The FDA clearance of OVA1 makes Quest Diagnostics the only diagnostic testing company to offer FDA cleared tests for ovarian cancer in the pre- and post-surgical settings. In addition to offering the OVA1 Test, Quest Diagnostics was the first laboratory company to provide a new lab test that the FDA cleared in the third quarter of 2008 as an aid for monitoring for recurrence of epithelial ovarian cancer.

The OVA1 Test will be available for physician use in the fourth quarter of this year.

Ovarian cancer is the leading cause of death from gynecologic cancers in the United States and the fifth-leading cause of cancer deaths in women.(2) Approximately 21,600 new cases of ovarian cancer will be diagnosed in the U.S. in 2009, and approximately 14,600 women will die of the disease.(3)

About the OVA1 Test

The OVA1 Test is a qualitative serum test that combines the results of five immunoassays into a single numerical score. It is indicated for women who meet the following criteria: over age 18, ovarian adnexal mass present for which surgery is planned, and not yet referred to an oncologist. The test utilizes five well-established biomarkers — Transthyretin (TT or prealbumin), Apolipoprotein A-1 (Apo A-1), Beta2-Microglobulin (Beta2M), Transferrin (Tfr) and Cancer Antigen 125 (CA 125 II) — and a proprietary algorithm to determine the likelihood of malignancy in women with pelvic mass for whom surgery is planned.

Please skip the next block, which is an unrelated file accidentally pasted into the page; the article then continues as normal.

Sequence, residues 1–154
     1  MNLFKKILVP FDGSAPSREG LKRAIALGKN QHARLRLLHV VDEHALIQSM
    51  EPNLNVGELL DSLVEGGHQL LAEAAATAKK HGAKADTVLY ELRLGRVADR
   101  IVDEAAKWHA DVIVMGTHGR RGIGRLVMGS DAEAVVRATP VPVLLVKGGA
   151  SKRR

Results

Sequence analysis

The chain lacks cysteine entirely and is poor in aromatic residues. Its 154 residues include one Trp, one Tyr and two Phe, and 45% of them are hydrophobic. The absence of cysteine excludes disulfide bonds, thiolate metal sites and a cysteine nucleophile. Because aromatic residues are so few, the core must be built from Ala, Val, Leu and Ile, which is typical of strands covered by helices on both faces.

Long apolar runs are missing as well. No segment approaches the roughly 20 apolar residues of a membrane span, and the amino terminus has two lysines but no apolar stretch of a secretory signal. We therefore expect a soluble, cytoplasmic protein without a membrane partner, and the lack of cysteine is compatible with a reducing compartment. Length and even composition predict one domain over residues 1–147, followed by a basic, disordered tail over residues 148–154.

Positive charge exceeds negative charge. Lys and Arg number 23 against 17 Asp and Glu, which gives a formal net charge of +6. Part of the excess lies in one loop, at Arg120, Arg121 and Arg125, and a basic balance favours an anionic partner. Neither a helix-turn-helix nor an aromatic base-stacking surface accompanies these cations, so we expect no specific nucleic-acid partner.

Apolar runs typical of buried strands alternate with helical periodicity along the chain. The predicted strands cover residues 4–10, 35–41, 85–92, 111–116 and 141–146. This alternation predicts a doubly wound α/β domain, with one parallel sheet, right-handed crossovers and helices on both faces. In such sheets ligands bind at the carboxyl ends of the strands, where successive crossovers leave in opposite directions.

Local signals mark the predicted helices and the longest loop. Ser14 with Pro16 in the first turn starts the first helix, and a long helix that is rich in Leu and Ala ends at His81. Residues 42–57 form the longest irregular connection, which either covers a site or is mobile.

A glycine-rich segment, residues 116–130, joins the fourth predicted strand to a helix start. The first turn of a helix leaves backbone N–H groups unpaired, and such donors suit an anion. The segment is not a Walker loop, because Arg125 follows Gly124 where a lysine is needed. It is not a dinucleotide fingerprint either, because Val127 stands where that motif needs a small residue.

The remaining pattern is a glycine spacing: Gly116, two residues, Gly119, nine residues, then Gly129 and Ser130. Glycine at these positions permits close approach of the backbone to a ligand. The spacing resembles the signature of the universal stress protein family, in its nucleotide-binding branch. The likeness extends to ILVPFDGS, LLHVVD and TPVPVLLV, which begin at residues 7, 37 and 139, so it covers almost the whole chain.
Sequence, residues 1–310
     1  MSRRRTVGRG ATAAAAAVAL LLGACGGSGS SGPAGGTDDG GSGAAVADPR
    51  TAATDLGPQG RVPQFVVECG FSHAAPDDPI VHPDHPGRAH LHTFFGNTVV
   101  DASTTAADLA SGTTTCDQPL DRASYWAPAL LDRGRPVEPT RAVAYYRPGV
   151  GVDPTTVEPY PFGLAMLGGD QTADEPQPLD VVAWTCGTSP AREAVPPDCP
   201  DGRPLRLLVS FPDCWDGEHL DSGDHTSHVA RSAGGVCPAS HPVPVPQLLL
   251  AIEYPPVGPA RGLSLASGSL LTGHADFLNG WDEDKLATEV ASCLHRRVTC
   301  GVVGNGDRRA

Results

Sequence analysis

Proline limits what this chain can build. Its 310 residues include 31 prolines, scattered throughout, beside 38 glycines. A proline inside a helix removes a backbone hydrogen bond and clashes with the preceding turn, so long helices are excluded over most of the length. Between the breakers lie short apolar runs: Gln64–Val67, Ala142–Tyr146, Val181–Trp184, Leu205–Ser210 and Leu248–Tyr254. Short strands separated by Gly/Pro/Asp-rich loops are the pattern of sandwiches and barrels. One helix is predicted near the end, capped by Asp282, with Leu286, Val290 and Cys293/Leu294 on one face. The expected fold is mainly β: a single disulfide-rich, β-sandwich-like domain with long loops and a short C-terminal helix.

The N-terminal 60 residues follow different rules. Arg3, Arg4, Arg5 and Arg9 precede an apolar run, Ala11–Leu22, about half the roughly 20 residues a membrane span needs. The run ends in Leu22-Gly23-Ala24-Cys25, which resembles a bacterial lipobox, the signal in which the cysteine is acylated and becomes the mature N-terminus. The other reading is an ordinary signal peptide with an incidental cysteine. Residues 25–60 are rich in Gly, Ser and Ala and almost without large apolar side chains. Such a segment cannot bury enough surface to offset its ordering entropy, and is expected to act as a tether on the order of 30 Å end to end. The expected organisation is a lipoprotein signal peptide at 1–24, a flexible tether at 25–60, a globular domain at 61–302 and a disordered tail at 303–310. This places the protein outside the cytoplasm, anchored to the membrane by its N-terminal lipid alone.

The OVA1 Test is an aid to further assess the likelihood that malignancy is present when the physician’s independent clinical and radiological evaluation does not indicate malignancy. The test should not be used without an independent clinical/radiological evaluation and is not intended to be a screening test or to determine whether a patient should proceed to surgery. Incorrect use of the OVA1 Test carries the risk of unnecessary testing, surgery, and/or delayed diagnosis.

About Vermillion

Vermillion, Inc. is dedicated to the discovery, development and commercialization of novel high-value diagnostic tests that help physicians diagnose, treat and improve outcomes for patients. Vermillion, along with its prestigious scientific collaborators, has diagnostic programs in oncology, hematology, cardiology and women’s health. Vermillion is based in Fremont, California. Additional information about Vermillion can be found on the Web at www.vermillion.com.

About Quest Diagnostics

Quest Diagnostics is the world’s leading provider of diagnostic testing, information and services that patients and doctors need to make better healthcare decisions. The company offers the broadest access to diagnostic testing services through its network of laboratories and patient service centers, and provides interpretive consultation through its extensive medical and scientific staff. Quest Diagnostics is a pioneer in developing innovative diagnostic tests and advanced healthcare information technology solutions that help improve patient care. Additional company information is available at www.QuestDiagnostics.com.